CHP: Major City Physician Group Calls For New DSRIP Money

Major City Physician Group Calls For New DSRIP Money

Crain’s Health Pulse  June 12, 2019


Dr. Ramon Tallaj, chairman of Somos Community Care, said Tuesday that the Cuomo administration should work to secure federal funding to continue the Delivery System Reform Incentive Payment program.


The DSRIP program provided $7.4 billion for health care providers across the state to implement projects that would lower unnecessary trips to the hospital by 25% over five years. The program is set to end by April.


"We need to extend this for two more years. We have to find together a way to do that," Tallaj said Tuesday after speaking at a conference hosted by Somos at the New York Academy of Medicine in Manhattan. "We need to be sure the Medicaid money is available to the state to do this transformation."

Somos Community Care is a network of more than 2,500 physicians who care for more than 700,000 patients in New York City. It is one of 25 Performing Provider Systems, or groups of medical providers that have collaborated on projects to keep patients healthy and out of the hospital. Those projects include increasing care management and integrating medical and behavioral health care.


Somos said that its network of doctors has shown a 36% reduction in preventable hospital readmissions and a 34% reduction in avoidable ER visits. 


"The primary care physician is usually the person that the family trusts the most," said Dr. Juan Tapia Mendoza, a pediatrician in Washington Heights who is part of Somos. "With DSRIP, we have been able to expand, not only access to culturally sensitive physicians, but to provide continuity of care.


That's why we're asking for two more years."


The money for DSRIP came from an amendment to New York's 1115 waiver through which the federal government provided New York more than $8 billion. That allowed the state to reinvest some of the $17 billion it had saved through initiatives developed by its Medicaid Redesign Team.


To secure additional funding, the state will need to a new amendment to its 1115 waiver, a labor-intensive process that will test New York's ability to work with the Trump administration. Jason Helgerson, New York's former Medicaid director, said Tuesday that the state needed two years to negotiate the initial DSRIP program with the federal government.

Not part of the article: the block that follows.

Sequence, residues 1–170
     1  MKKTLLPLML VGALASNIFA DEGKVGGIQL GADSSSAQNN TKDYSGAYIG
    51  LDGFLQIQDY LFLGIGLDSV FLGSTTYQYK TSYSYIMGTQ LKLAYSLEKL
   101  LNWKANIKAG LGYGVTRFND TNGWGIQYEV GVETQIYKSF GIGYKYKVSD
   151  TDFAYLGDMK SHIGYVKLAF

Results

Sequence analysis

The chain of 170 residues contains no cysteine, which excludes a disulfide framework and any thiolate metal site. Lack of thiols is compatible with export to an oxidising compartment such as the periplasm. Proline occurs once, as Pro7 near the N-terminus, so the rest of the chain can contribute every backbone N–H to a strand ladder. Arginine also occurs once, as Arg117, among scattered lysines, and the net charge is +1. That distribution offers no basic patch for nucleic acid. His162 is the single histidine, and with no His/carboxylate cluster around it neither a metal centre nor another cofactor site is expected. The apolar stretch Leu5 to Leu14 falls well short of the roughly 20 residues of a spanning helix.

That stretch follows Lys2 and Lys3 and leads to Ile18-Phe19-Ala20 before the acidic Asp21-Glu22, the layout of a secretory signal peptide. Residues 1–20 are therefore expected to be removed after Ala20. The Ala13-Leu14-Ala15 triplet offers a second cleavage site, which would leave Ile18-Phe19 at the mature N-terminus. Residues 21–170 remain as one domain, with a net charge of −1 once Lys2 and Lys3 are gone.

But New York could renew some money from its DSRIP program. Certain parts of DSRIP, known as the state supplemental programs, are distributed through Medicaid managed-care plans and represented more than $1.5 billion in the first five years of the program. The state could allocate a continuation of that money in the next state budget.


In a keynote address, state Budget Director Robert Mujica didn't address the looming end of DSRIP. He did note the commitment the state made to health care in this year's state budget, funding a $550 million increase in Medicaid payments to hospitals and nursing homes. He noted that participants in DSRIP earned $4.3 billion in payments through September, or 84% of funds that were available. He acknowledged the progress that health care providers have made.


"We're seeing a measurable reduction in preventable admissions," Mujica said.


Not all leaders in the health care industry think that DSRIP 2.0 is the answer to funding future collaboration among providers and social service organizations. Allison Sesso, executive director of the Human Services Council, noted that funding from insurers could support some of the existing programs.


"The DSRIP dollars are false support for the social determinants of health because they're temporary," Sesso said. "We need to figure out how to make it a permanent thing. You need to make sure its financially viable and something the insurance companies want to buy from the nonprofits on an ongoing basis." —Jonathan LaManti